Climate network analysis reveals Amazon rainforest now more connected to global climate
The climate crisis is a vicious cycle. Increases in temperatures, rising sea levels, and the growing intensity of extreme weather wreak havoc on ecosystems. In turn, the damage to vital ecosystems, such as the Amazon rainforest, further exacerbates the climate crisis.
This process is quantified as connectivity, a measure of correlation between surface air temperatures in various regions. Giammarese et al. use climate network analysis to investigate the evolution of connectivity between the global climate system and the Amazon. Analyzing spatiotemporal surface air temperature data from the last seven decades, the researchers demonstrated that the connectivity between Amazon and the global climate system has changed.
An already influential part of the global climate, the Amazon is gaining longer range connectivity with the ability to spread a perturbation faster and further.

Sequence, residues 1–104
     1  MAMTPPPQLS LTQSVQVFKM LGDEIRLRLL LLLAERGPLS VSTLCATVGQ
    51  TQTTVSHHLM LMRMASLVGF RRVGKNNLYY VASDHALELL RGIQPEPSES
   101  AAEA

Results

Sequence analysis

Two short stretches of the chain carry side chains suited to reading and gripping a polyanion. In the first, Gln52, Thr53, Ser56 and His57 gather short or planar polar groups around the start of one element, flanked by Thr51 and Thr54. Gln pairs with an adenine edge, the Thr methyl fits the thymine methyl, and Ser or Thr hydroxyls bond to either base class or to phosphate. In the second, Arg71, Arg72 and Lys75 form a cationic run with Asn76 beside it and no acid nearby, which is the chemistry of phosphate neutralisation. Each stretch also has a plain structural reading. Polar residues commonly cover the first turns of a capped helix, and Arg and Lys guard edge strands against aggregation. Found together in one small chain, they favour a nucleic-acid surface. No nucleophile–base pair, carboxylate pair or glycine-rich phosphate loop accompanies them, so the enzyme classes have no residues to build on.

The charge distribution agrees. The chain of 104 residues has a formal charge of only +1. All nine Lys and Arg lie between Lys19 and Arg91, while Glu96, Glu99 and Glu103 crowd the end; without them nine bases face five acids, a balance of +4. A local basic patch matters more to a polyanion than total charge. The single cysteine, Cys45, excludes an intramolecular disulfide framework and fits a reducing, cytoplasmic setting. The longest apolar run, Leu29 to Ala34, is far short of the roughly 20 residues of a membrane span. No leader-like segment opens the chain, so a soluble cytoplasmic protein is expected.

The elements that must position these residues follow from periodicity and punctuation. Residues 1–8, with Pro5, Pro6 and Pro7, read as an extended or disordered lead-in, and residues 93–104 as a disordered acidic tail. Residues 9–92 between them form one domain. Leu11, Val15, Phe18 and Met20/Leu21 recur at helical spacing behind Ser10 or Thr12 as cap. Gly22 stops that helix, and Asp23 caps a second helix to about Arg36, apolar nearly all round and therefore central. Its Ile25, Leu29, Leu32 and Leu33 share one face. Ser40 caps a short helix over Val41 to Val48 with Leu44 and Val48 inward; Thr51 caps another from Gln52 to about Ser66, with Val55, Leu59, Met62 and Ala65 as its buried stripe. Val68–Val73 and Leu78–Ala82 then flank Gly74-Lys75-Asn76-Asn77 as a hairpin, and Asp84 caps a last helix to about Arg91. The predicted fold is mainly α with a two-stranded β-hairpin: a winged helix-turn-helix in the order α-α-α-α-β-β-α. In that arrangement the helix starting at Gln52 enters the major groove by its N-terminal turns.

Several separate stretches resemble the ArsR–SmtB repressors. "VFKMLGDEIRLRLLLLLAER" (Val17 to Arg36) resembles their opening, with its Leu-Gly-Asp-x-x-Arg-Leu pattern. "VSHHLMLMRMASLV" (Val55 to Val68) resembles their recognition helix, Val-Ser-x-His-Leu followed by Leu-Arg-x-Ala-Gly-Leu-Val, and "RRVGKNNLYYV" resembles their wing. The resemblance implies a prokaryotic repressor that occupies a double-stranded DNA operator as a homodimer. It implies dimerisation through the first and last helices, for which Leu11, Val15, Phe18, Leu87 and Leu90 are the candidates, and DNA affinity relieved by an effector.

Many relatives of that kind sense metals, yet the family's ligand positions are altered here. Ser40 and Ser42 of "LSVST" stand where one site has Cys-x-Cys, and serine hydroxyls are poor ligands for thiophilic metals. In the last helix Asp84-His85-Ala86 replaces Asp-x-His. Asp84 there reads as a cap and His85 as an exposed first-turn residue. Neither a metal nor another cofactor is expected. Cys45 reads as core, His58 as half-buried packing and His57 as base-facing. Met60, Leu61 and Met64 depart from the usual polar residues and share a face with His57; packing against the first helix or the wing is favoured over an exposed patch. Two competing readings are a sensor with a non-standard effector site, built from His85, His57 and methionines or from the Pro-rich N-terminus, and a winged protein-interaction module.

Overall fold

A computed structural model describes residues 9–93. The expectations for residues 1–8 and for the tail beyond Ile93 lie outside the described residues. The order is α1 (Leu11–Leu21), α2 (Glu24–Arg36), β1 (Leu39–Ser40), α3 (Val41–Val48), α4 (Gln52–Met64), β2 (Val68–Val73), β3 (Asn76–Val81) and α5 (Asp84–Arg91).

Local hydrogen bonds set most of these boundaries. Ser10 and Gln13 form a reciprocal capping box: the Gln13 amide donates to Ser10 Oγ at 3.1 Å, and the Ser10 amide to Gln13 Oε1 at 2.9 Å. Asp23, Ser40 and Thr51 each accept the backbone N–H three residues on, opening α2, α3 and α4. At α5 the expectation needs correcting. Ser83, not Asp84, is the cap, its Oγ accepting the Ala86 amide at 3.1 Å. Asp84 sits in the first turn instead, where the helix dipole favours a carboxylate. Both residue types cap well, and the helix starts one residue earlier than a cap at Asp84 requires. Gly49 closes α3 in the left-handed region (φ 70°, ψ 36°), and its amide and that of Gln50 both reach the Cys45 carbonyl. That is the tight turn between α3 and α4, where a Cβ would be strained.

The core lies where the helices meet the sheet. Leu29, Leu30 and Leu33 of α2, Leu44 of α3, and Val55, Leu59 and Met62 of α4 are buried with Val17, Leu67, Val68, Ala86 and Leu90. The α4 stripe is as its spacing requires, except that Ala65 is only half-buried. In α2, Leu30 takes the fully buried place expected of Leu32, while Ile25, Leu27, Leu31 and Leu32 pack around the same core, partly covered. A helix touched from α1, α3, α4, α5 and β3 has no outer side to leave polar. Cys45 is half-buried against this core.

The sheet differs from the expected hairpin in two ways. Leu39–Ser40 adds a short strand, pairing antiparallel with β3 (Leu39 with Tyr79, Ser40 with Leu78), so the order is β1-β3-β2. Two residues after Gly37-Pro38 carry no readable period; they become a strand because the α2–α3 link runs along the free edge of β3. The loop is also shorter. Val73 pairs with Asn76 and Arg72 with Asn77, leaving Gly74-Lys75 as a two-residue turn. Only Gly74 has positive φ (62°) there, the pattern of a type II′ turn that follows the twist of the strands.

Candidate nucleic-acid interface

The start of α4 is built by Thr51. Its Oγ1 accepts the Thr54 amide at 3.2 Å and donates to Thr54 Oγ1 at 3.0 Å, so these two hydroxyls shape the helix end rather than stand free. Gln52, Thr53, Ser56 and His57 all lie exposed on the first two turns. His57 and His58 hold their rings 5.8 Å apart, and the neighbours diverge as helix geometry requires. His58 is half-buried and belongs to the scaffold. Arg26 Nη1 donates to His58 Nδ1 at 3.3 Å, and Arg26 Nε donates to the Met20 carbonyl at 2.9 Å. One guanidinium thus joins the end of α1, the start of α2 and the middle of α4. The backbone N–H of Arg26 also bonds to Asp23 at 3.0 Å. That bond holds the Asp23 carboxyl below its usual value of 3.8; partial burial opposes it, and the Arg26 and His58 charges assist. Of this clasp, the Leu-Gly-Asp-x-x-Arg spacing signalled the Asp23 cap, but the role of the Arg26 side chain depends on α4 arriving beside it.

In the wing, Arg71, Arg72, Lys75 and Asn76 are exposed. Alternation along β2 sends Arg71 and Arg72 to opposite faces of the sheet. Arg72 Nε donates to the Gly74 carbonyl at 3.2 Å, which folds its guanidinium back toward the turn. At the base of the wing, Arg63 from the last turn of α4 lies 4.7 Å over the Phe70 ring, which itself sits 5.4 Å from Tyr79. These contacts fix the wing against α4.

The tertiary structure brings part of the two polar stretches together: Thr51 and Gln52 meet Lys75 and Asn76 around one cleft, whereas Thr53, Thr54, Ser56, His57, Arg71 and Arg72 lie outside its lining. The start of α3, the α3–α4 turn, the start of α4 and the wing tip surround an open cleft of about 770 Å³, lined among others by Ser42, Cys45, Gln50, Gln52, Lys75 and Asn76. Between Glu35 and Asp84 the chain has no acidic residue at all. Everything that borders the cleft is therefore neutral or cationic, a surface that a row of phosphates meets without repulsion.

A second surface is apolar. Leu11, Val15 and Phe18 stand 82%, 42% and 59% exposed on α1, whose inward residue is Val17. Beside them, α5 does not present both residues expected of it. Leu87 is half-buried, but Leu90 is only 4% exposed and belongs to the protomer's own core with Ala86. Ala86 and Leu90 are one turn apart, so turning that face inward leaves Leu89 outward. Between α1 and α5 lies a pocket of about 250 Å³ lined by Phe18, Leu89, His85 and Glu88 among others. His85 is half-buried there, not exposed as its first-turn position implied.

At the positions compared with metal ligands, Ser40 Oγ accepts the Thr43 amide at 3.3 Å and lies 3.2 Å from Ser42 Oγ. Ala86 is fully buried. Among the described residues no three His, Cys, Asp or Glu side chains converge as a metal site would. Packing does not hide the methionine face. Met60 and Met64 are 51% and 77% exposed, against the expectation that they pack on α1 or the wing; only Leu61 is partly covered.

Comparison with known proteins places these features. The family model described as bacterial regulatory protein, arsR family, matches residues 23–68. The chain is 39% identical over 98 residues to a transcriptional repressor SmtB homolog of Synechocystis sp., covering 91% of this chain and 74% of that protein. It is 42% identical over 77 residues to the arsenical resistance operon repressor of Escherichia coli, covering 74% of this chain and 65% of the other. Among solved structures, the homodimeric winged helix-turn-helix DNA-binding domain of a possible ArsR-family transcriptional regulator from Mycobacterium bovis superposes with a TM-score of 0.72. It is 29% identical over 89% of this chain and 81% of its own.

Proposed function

The team found that the rainforest is gaining long-range links to several highly dynamic climate system components, including the western Atlantic region, critical for the future stability of the Atlantic Meridional Overturning Circulation.
The analysis also revealed increased connectivity between the Amazon and the South Asian monsoon region, along with the climatically critical eastern and central Pacific regions.
“This procedure could be applied to studying other vulnerable regions in the climate system as well,” said author Adam Giammarese. “One may apply our methods to various problems, such as the spread of biological and social contagions, for example.”
The team introduced several methodological innovations to climate network analysis, applying new approaches to climate network analysis before, such as K-nearest neighbor graphs, Laplacian Eigenmaps, random walks, and directed graph diffusion.
Source: “Reconfiguration of Amazon’s connectivity in the climate system,” by Adam Giammarese, Jacob Brown, and Nishant Malik, Chaos (2024). The article can be accessed at https://doi.org/10.1063/5.0165861 .
This paper is part of the Nonlinear dynamics, synchronization and networks: Dedicated to Juergen Kurths’ 70th birthday Collection, learn more here .